1. Education
Send to a Friend via Email
Jodi Beggs

Being an Economist Can Be Exhausting Sometimes...

By October 29, 2012

Follow me on:

One aspect of being an economist is thinking like an economist (shocking, right), which entails thoroughly weighing the costs and benefits of any decision. While this may seem like a good idea on the surface, it soon becomes clear that such rigorous analysis can get out of hand pretty quickly, and it can make a simple task such as grocery shopping quite a bear...and that's without even considering the all-important cash back decision at the checkout register.


October 30, 2012 at 3:44 am
(1) David Chester (Macreocompassion) says:

No doubt, that many poorly organized economists make the wrong choices because they have insufficient or unsuitable materials and data available. But it doesn’t have to be so. This problem becomes worse when one examines the many different schools of thought in macroeconomics, so it is hardly surprising that this subject leads to so much confusion.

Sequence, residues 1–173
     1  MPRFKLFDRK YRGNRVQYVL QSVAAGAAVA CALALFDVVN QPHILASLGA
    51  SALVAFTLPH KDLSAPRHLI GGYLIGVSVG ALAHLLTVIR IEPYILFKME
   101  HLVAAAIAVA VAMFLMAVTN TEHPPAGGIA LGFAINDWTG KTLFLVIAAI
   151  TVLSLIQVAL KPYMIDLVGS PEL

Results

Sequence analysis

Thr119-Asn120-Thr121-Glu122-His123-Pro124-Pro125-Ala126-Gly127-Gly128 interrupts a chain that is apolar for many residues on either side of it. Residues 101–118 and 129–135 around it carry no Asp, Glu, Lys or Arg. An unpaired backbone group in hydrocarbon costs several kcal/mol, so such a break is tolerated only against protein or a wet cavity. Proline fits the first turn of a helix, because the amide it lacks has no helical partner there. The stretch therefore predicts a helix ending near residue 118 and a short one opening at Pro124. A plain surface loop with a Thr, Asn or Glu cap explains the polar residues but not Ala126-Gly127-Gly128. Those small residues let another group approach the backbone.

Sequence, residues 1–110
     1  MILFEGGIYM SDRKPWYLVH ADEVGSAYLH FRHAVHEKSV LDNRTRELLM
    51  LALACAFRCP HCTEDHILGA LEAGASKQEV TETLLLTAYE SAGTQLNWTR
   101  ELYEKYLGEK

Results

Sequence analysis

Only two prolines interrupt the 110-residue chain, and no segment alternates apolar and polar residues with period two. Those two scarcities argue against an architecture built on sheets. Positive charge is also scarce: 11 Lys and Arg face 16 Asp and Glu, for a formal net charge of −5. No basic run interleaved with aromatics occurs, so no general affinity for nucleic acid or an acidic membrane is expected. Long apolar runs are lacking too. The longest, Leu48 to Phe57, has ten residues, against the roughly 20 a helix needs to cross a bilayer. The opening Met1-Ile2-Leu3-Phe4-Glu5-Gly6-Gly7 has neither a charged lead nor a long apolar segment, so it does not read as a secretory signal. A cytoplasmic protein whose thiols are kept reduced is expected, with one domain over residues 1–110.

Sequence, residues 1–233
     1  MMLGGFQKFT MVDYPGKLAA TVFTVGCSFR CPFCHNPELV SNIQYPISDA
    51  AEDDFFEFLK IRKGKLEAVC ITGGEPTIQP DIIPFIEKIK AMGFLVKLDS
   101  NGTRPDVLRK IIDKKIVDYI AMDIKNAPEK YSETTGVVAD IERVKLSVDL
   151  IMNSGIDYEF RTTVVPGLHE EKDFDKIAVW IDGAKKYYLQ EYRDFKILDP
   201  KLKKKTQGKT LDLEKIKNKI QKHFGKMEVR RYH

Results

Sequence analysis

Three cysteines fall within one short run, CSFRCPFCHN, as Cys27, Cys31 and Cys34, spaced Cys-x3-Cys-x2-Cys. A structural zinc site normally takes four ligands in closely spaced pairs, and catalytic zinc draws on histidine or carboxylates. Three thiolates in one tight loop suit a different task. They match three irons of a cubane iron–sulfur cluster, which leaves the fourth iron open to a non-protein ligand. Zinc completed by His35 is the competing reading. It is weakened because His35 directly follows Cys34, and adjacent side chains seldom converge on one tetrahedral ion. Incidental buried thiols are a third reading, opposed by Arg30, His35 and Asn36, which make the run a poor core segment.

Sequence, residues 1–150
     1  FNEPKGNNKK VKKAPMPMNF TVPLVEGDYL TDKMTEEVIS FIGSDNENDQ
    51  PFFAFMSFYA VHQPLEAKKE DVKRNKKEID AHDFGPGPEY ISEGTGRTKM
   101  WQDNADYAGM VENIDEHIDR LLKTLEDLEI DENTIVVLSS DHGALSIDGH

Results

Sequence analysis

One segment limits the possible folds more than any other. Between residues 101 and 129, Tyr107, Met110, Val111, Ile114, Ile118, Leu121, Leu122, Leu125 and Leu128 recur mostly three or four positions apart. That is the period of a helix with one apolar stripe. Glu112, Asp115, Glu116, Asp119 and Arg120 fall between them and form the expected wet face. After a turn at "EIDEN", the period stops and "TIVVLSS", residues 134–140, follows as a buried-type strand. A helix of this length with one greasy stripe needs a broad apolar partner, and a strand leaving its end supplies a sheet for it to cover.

The problem of getting a good solution begins with the various assumptions that they appear to be forced to make. The biggest one of these is that except for a choice few variables, all the others can be taken as not changing. Then the model which is used to base the decision, is incomplete and there is no doubt that the decision will be different to what would arrise had a different model been used.

Why can’t they all use a common model? which, as Einstein postulated is as simple as possible without being too simple. The model that I have in mind and which has already been presented on this site is my DiagFuncMacroSyst.pdf one which is also in Wikipedia Commons under Macroeconomics and (less clearly) also in Google Images.

This is the only representation I have seen which invcludes the 3 factors of production and their 3 returns. Considering that this theory (of Adam Smith) was first presented in 1767, it is very strange that today we are in such a bad state of modelling the social system! In my model there are 19 different mutual flows of money and goods flowing between 6 entities.

I would be interested in comments about the limitations of this model to properly represent the local country’s macroeconomy and, (there being none), wish that it was more generally adopted.

Leave a Comment

Line and paragraph breaks are automatic. Some HTML allowed: <a href="" title="">, <b>, <i>, <strike>

©2014 About.com. All rights reserved.